Cognizant Debt Hike for M&A and Share Buybacks
Activist Paul Singer urged Cognizant to take on more leverage to help
fund research and acquisitions and to set up a $2.5 billion share
IT services company
Cognizant Technology Solutions Corp. ((CTSH)) shares jumped 10% early Monday after billionaire Paul Singer and his
activist investment fund
Elliott Management launched a campaign urging the
company to take on more leverage to help fund research and M&A at the
same time that it initiated a $2.5 billion share buyback program.
"Despite growing into a scale market leader with stable and
significant cash flows, Cognizant has remained unwilling to establish
a capital return program," said Elliott portfolio manager Jesse Cohn
in a 16-page-letter.
The activist fund pointed out that Cognizant has $4 billion in net
cash, including $1.1 billion in onshore cash following a recent
repatriation and "virtually no debt." Cognizant, which has a $36
billion market capitalization, had $896 million in debt as of Sept.
30, according to its most recent quarterly report.
The activist fund said that Cognizant is trading at its lowest
valuation since the financial crisis, which makes it a good candidate
for buying back shares to boost its undervalued share price. It also
is urging Cognizant to move substantially beyond its existing buyback
approach, which only "repurchases shares to offset dilution." The fund
is urging Cognizant to complete a $2.5 billion share repurchase
program in the first half of fiscal year 2017, funded partly by cash
on its books and new debt. In addition, Elliott wants Cognizant to set
up a dividend program in part to help attract a new class of
Cognizant trades at $57.69 a share, up about 9% on the Elliott
campaign-- and Cohn suggests the IT services company can achieve a
value of between $80 and $90 a share by the end of 2017.
In addition, Elliott urged Cognizant to hike its unusually low
operating leverage to help it make "sound investments" in research and
development and M&A. The insurgent funds compared Cognizant to
Accenture PLC ( (ACN)
), which has a large IT services business, noting that the New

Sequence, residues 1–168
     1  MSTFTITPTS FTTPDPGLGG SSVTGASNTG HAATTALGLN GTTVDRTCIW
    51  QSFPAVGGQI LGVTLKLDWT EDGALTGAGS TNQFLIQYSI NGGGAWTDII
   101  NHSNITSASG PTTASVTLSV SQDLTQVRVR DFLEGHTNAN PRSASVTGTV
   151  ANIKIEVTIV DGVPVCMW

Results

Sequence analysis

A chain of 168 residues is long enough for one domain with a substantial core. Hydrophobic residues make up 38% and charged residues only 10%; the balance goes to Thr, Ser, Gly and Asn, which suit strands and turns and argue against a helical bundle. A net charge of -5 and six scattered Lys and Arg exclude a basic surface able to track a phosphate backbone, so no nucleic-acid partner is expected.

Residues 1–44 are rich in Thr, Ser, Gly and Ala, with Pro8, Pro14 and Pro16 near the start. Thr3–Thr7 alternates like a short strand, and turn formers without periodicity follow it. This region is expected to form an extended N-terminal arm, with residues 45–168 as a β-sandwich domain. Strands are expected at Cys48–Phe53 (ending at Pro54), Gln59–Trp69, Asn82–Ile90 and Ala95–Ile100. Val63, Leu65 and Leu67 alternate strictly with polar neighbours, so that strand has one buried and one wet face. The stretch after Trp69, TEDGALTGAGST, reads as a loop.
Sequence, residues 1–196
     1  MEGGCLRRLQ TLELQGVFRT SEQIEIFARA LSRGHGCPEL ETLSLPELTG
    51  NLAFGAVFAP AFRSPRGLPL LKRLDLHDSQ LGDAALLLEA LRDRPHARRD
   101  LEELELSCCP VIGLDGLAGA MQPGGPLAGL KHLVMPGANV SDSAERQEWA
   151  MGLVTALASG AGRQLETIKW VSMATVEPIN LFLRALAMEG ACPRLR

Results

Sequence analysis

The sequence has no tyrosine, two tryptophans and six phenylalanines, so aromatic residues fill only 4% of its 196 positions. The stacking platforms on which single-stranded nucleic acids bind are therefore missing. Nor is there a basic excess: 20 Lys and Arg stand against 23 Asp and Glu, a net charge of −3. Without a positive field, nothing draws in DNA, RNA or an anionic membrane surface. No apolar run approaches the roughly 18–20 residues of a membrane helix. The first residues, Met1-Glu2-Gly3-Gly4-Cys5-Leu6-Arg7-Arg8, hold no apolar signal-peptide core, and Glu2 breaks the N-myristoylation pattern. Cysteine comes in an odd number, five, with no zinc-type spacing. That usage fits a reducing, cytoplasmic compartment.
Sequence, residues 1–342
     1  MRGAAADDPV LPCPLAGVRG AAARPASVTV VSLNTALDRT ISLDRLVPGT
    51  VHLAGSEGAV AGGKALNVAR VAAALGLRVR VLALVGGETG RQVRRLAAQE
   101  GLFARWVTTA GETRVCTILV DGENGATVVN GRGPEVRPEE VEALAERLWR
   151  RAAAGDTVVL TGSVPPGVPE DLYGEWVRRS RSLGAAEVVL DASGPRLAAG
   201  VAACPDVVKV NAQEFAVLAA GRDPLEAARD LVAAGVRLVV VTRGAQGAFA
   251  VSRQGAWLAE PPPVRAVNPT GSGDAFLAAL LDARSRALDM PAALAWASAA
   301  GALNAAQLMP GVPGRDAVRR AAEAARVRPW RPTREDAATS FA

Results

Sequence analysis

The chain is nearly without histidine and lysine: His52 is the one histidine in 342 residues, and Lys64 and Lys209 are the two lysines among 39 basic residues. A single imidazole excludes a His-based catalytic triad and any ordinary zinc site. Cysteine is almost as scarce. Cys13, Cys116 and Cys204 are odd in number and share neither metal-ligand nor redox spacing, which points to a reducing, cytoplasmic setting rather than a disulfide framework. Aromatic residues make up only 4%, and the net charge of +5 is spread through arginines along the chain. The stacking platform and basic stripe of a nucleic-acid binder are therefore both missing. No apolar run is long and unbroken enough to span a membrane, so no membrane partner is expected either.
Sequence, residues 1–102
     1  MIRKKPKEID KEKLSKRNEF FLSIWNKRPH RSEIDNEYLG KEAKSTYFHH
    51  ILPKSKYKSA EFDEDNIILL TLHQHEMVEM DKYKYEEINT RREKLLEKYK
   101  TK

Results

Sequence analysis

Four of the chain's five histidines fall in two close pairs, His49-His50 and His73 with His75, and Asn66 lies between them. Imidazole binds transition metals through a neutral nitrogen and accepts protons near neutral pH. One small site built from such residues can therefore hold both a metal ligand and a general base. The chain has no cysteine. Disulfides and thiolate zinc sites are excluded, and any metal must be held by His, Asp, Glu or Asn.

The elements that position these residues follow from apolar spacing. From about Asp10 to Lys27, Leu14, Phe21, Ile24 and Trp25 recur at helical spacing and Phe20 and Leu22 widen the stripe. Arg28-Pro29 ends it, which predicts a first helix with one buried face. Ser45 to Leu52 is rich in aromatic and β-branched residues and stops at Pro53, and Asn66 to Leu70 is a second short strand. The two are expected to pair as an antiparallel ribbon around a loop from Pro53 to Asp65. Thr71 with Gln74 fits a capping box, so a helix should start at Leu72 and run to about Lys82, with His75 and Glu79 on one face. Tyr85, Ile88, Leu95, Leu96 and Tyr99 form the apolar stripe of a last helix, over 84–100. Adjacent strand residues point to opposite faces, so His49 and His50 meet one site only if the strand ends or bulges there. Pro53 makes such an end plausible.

Jersey-based company has only made eight acquisitions since 2014 while
the Chicago-based professional services rival has bought 45 companies
in the same timeframe.
A person familiar with the situation noted that Cognizant could make a
number of bolt-on smaller acquisitions in the IT services space to
help drive profitability.
Elliott also urged Cognizant to make changes to its delivery process,
its sales and marketing program and make cuts to its human resources
department and finance unit. However, people familiar with the fund
said Cognizant should hike its operating leverage, in part, to invest
in hiring more employees focused on R&D.
It is very possible that Elliott could launch a contest if Cognizant
doesn't implement some or all of their recommendations. The New York
activist fund has launched more than 96 campaigns at 92 companies
since 1994, according to FactSet. It has also undertaken 13 proxy
fights and threatened director-election contests at four companies in
efforts to drive M&A and other moves.
In fact, Elliott hinted at a possible contest, arguing that
Cognizant's price "underperformance" suggests that "directors with new
experiences, skills and perspectives" would be welcome. The insurgent
fund could take advantage of some Cognizant governance red flags if it
were to launch a director election contest. In particular, a number of
the IT service company's directors have served on the company's board
for a long time, raising questions about whether they may be too cozy
with the management team. According to relationship mapping service
company BoardEx, a service of TheStreet, four directors have served on
Cognizant's 10-person board for more than 12 years, including chairman
John Klein, who has served for almost 19 years.
If Elliott wants to launch a contest, it would need to submit
dissident director candidates between Feb. 15 and March 17 to meet
Cognizant's director nomination rules for its 2017 annual meeting,
likely to take place in June. The person familiar with the situation
noted that Elliott is looking for Cognizant to produce its response to
the fund's concerns by February, when its next quarterly report comes
accumulated a 4% stake in common equity and share equivalents, for
about $1.4 billion, making the position one of the fund's largest
initial equity investments. Other activist funds, including Kerrisdale
Advisors LLC, Clinton Group Inc. and Carlson Capital LP, own small
stakes in Cognizant and would likely back a contest if one were
launched. Kerrisdale Capital tweeted on Monday that it agreed with the
Elliott plan, adding that Cohn's letter was ""excellent."
Cognizant directors are elected annually, which means Elliott could
launch a contest to take over the board if it so wished even though
the fund has almost never launched a change-of-control contest in its
In hopes to generate shareholder backing for its thesis, Elliott noted
that it worked with a consulting firm, IT purchasers and senior
information technology services executives to develop its research
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